David G. Lewallen
Ashton H. Goldman
Major acetabular bone loss may make it difficult or even impossible to achieve stable fixation of a large uncemented porous acetabular component against the remaining host bone.
Unless a motionless interface between the porous acetabular component and bone is achieved and maintained over the first several months post surgery, bone ingrowth will not occur and the risk of implant migration and failure dramatically increases.
Chronic pelvic discontinuity is associated with increased failure rates due to cup loosening when standard cup fixation with screws is attempted even when adjunctive augments or posterior column plating is added.
Charnley zone 3 fixation of the inferior portion of the acetabular component to the posterior column and base of the ischium is important in all acetabular reconstructions but is critical in cases of massive bone loss or pelvic discontinuity.
The cup-cage technique involves the addition of an antiprotrusio cage over the top of an uncemented acetabular component, which greatly increases the stability of the initial fixation and thereby increases the chances of successful bone ingrowth to the cup over the ensuing weeks post surgery (Figure 27.1).
When a full cup-cage construct is elected, the ischial flange typically is driven into a bony slot in the ischium. Alternatively, the flange can be placed on the outer surface of the ischium, but this requires additional dissection and can increase the risk of sciatic nerve injury.
A half cup-cage construct is an alternative in which the ischial flange is removed and the iliac flange is used alone. The half cup-cage technique is technically easier, allows room for screws instead of a flange for fixation into the ischium, and can be used more easily in combination with distraction of any associated pelvic discontinuity.
Sterile Instruments and Implants
Standard retractors and hip instruments.
Hemispherical acetabular component instruments and trial and real components in a full range of sizes up to 80 mm.
Acetabular porous metal augment trials in a variety of sizes and thicknesses to aid in intraoperative assessment, sizing, and planning of final construct.
Cancellous bone graft to fill any small remaining gaps, defects, or nonunion sites in the acetabulum and to fill the fenestrations of any augments used.
Antiprotrusio cages in a range of sizes with corresponding malleable trials to aid in bending and fitting of the real component. Fixation screws for the corresponding antiprotrusio cage.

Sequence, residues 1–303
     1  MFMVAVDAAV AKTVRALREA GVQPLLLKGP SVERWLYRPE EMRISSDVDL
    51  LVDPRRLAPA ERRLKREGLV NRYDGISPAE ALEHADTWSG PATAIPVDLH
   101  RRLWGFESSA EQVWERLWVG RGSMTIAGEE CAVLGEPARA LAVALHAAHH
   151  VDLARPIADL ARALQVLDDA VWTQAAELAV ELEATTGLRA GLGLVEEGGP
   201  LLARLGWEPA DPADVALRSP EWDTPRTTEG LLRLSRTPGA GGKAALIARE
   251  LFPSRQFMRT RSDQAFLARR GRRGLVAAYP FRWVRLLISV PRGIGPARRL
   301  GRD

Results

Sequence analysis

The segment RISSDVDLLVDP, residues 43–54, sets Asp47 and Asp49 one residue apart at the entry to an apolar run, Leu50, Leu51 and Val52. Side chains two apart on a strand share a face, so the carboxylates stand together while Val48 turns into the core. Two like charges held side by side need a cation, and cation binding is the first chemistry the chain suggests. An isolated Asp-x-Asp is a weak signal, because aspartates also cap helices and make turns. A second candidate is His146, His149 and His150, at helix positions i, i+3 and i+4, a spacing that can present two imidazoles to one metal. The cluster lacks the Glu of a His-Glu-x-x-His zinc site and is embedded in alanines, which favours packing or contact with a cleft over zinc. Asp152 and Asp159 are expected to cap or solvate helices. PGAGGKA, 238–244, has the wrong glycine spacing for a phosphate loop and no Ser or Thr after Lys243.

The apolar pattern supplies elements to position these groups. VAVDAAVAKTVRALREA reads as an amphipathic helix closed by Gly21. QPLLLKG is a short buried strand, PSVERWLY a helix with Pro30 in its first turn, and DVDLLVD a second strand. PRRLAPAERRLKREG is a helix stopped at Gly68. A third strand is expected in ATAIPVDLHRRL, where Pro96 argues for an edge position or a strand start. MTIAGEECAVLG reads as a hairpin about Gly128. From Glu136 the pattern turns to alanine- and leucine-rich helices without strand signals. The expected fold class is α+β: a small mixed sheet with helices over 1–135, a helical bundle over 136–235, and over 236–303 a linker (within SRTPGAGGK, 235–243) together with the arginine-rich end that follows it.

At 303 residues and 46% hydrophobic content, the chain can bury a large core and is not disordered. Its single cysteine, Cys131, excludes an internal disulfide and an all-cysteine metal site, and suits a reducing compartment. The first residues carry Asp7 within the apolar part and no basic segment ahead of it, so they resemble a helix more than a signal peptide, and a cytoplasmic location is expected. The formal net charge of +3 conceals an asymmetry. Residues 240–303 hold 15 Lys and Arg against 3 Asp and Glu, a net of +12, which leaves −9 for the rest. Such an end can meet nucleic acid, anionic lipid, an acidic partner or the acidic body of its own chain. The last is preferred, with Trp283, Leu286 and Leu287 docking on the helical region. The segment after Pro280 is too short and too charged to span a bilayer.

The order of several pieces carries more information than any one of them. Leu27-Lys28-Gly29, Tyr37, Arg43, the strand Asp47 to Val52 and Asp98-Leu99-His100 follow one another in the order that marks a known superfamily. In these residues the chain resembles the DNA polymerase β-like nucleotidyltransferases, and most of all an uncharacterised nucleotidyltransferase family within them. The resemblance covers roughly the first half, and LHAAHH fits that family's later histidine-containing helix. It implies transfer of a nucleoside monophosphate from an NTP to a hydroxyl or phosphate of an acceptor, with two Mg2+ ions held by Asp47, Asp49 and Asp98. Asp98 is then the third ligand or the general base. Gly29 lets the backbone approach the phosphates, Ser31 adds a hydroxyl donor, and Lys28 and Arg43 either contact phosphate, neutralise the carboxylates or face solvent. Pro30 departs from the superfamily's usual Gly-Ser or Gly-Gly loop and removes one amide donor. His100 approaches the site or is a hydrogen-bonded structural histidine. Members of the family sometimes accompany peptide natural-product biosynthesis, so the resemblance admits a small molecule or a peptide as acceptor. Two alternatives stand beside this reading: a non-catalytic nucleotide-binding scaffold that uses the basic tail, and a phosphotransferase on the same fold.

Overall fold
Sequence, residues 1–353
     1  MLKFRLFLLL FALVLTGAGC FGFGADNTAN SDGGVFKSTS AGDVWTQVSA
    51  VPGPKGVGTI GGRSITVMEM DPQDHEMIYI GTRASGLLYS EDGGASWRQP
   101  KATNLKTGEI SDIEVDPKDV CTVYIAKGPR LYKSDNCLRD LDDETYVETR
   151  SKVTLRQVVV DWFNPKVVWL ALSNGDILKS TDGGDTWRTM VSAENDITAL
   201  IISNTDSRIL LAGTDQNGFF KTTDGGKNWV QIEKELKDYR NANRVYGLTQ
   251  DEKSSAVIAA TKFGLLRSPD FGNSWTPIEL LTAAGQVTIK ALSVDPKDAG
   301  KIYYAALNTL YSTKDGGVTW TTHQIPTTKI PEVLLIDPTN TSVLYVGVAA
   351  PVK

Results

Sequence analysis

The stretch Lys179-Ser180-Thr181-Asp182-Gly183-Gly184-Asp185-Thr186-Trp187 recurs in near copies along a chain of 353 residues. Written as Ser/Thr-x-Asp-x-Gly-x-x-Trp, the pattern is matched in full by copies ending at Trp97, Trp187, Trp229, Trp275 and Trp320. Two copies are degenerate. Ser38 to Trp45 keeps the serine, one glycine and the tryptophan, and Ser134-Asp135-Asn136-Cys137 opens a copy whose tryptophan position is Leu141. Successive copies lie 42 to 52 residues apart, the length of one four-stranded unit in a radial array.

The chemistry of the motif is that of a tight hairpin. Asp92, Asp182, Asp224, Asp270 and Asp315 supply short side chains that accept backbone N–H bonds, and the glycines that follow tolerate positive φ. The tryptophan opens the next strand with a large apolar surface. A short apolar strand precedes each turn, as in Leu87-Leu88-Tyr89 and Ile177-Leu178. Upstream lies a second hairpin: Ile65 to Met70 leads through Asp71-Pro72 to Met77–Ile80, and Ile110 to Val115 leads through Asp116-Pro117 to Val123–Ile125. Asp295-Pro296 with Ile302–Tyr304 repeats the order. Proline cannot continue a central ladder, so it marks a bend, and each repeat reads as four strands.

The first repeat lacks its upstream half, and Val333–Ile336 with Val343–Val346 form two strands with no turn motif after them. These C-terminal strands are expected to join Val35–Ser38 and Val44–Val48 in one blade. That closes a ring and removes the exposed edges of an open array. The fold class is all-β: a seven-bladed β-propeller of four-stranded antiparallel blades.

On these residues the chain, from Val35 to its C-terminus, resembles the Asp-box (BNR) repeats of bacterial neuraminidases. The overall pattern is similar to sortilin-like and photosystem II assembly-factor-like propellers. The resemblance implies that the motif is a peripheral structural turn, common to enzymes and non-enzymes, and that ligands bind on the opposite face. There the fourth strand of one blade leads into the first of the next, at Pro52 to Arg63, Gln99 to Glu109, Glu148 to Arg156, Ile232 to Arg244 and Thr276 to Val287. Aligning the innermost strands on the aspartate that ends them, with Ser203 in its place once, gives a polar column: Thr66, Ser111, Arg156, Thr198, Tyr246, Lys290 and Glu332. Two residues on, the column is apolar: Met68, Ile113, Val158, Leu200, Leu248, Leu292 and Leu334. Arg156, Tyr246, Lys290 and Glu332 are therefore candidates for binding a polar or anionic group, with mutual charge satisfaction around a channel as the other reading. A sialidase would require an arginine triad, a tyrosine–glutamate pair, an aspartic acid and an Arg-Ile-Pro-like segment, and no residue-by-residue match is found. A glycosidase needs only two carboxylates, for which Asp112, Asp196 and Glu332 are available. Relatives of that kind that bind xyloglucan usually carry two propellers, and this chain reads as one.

Any of the standard potentially extensile surgical approaches can be used per surgeon preference similar to any revision total hip arthroplasty (THA).
Posterolateral and direct lateral approaches are the most commonly used at our institution, either alone or in combination with an extended trochanteric osteotomy as needed. The exposure is chosen based on exposure requirements on the femoral side and on the acetabular side.
When a direct lateral approach is used, care must be taken to elevate but not split the gluteus medius too far proximally when exposing the lateral aspect of the ilium above the acetabular cavity to avoid injury to branches of the superior gluteal nerve running to the anterior portion of the muscle.
When using the posterolateral approach, the superior gluteal nerve is at risk at the sciatic notch at the proximal end of the posterior column, and injury at this level places innervation to the entire gluteus medius at risk.
An organized assessment of the degree of bone loss on the acetabular side is strongly recommended in cases of major bone loss, and this is ideally based on careful x-ray analysis of key anatomic features.
The Paprosky classification of acetabular bone defects is helpful in anticipating operative findings and for planning treatment options.
This classification scheme involves measurement of the amount of cup migration, direction of that migration, status of Kohler line and the tear drop (when medial deficiency and migration of the cup has occurred), and critical assessment of the status of the posterior column as noted on the cross-table lateral radiograph, iliac and obturator oblique (or Judet) views, and occasionally adjunctive computed tomography scanning (Figure 27.2A-C).
The cup-cage technique is most useful when more severe bone defects as seen in Paprosky type 3A (cup up and out) or 3B defects (cup up and in) make stable fixation of a cementless hemispherical porous cup tenuous despite multiple screws and any adjunctive fixation such as augments.
Sometimes, decreased residual host bone quality (not just bone deficiency) will play a role in prompting use of a cup-cage to provide more secure fixation of the acetabular component.
However, the most common current indication for use of a half or full cup-cage is an associated pelvic discontinuity.
The location and size of the bone defects, size of the patient, and quality of the bone remaining can be difficult to judge despite careful assessment of imaging studies before surgery.
You may also need